In three spring training appearances, Syndergaard has a 4.91 ERA and has allowed four earned runs and three walks, while striking out nine in 7.1 innings. Matz has a solid 2.08 ERA in four appearances, two earned runs and two walks allowed to go along with four strikeouts in 8.2 innings pitched.
The loss of Zack Wheeler for the year due to Tommy John surgery was a big blow to the Mets for the upcoming season, but fans can be assured that Syndergaard and Matz could both potentially have a big impact in his absence. Hopefully, they will make the most of their opportunities once they arise.
The Mets have been building up a great young pitching staff for the long run and Syndergaard and Matz could be the final pieces to what may be the best young rotation in all of baseball.
4. The Mets' Young Bullpen Is Another Strength
Beyond the starting pitching, the Mets also have a strong bullpen that they should be able to depend on.
Closer Jenrry Mejia is coming off a 31-save season and Bobby Parnell will return this season after missing nearly all of 2014 recovering from Tommy John surgery. But the best reliever in the Mets' bullpen might be Jeurys Familia.
Familia had a spectacular rookie season out of the bullpen with a 2.21 ERA and 73 strikeouts in 76 appearances. If he can limit the walks, he has what it takes to be the Mets' closer of the future, and it could happen as soon as this summer if Mejia and/or Parnell don't pitch particularly well.
The rest of the Mets' bullpen should consist of long reliever Carlos Torres, Vic Black, Rafael Montero and newly acquired southpaws Jerry Blevins and Alex Torres, who were acquired from the Washington Nationals and San Diego Padres, respectively, on Monday, according to Kristie Ackert of the New York Daily News.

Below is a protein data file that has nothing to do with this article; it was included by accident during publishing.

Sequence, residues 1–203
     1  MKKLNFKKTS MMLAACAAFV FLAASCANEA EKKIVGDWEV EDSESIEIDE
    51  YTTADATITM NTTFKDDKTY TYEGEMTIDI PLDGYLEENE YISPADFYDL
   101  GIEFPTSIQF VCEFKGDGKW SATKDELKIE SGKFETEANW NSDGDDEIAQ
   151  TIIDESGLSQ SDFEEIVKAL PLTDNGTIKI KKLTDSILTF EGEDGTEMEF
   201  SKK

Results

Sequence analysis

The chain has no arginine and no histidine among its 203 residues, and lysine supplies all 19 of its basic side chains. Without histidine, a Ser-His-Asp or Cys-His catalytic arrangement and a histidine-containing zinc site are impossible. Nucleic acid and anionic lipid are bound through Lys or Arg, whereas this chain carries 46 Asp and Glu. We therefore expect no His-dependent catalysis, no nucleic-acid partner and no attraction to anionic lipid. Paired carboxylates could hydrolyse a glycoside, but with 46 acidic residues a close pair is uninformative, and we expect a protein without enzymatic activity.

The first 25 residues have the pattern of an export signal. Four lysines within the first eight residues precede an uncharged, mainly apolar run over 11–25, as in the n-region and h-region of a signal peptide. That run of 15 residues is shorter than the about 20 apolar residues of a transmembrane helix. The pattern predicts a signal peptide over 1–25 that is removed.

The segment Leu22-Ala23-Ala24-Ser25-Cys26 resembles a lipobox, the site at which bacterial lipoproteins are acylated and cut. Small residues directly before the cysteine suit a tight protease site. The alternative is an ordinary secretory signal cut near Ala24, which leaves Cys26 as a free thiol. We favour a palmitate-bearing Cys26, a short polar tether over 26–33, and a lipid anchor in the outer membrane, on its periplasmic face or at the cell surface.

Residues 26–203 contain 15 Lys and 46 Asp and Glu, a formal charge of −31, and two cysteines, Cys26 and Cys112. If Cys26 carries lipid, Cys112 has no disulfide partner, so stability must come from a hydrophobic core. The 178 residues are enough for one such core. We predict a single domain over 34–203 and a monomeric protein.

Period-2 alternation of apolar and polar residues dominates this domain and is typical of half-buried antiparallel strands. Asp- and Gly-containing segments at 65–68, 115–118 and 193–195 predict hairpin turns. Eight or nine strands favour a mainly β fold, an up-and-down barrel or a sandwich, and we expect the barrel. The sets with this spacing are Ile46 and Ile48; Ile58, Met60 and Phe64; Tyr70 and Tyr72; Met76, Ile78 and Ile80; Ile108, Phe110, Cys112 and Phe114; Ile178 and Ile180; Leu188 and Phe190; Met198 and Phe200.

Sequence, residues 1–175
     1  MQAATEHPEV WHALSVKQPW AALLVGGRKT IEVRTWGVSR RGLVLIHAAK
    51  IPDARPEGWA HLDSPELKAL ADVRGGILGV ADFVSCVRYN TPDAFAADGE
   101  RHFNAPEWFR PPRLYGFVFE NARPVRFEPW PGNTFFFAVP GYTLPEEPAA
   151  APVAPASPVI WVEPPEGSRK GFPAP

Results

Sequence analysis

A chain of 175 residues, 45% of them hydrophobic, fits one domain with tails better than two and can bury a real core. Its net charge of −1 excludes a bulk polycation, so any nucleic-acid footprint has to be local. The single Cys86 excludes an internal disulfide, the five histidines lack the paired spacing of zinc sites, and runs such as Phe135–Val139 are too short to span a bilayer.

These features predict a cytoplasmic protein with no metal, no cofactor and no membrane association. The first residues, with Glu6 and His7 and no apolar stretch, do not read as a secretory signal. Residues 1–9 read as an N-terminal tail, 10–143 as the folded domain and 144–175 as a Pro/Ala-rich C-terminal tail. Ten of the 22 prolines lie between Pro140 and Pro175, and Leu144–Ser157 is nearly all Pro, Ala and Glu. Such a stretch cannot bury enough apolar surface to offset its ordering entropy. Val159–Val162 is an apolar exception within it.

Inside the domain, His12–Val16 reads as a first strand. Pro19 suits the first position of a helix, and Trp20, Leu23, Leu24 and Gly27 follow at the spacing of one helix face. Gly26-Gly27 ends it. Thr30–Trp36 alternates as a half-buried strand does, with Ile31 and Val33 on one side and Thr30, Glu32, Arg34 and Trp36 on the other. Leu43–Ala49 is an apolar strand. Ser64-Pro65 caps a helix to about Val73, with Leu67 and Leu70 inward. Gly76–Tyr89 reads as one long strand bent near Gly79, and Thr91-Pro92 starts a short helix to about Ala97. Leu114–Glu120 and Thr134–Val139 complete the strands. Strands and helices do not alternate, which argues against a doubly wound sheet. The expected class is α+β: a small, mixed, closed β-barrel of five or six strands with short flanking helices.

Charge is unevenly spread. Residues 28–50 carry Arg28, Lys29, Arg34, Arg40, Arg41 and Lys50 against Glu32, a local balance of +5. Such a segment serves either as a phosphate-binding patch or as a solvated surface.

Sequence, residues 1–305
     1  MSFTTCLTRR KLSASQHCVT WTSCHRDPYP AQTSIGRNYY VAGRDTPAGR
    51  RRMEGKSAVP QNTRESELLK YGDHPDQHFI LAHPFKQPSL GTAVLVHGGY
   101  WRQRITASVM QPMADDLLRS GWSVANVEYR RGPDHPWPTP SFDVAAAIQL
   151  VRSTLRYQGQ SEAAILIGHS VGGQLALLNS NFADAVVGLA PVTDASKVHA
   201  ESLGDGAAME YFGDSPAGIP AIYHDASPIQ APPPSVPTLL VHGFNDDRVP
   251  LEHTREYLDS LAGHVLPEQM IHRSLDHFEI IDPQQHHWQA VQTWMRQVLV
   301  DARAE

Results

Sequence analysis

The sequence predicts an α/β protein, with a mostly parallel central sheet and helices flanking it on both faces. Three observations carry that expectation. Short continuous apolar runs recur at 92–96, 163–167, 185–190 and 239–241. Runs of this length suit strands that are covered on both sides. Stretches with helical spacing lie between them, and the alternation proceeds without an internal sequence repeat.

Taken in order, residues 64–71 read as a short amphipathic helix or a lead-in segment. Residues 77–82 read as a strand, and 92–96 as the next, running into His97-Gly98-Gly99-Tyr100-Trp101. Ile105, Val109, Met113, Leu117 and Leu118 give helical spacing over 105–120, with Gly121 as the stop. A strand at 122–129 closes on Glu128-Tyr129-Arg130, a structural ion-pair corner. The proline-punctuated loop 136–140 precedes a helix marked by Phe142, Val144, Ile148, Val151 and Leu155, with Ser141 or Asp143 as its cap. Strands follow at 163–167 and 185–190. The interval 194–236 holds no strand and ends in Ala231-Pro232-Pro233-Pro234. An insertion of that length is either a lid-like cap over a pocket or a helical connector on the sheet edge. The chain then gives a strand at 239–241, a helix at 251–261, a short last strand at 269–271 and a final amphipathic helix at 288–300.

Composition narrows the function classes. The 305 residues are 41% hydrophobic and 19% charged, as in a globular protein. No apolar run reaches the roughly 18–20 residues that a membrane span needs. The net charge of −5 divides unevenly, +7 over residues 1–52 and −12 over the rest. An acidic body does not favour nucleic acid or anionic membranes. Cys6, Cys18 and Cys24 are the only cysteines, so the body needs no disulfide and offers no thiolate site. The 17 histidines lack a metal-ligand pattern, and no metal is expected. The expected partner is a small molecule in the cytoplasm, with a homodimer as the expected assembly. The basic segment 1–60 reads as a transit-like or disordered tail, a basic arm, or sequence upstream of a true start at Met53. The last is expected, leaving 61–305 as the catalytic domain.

Since 2006, the Mets have not had strong bullpens, but this could be the year when the Mets' bullpen could shine. There are a lot of young power arms with a ton of potential, and, hopefully, it will show.
5. The Captain Is Healthy
David Wright is still the most significant hitter in the Mets' lineup, and his spring training numbers (.268 AVG, .888 OPS, 4 HR, 11 RBI) are a good sign that he has gotten past the shoulder injury that plagued him through much of the 2014 season.
Wright's 2014 season ended up featuring career lows of eight home runs and a .698 OPS. Those are simply not numbers that one would expect from Wright in any given season.
Just as Matt Harvey is the key to the Mets' success on the pitching end, Wright is the key to their offense. If he can get back to being the All-Star third baseman he has been for many years, he can carry the Mets into their first postseason appearance since 2006. But if he gets injured again or does not hit well at the plate, the Mets will likely struggle to score runs.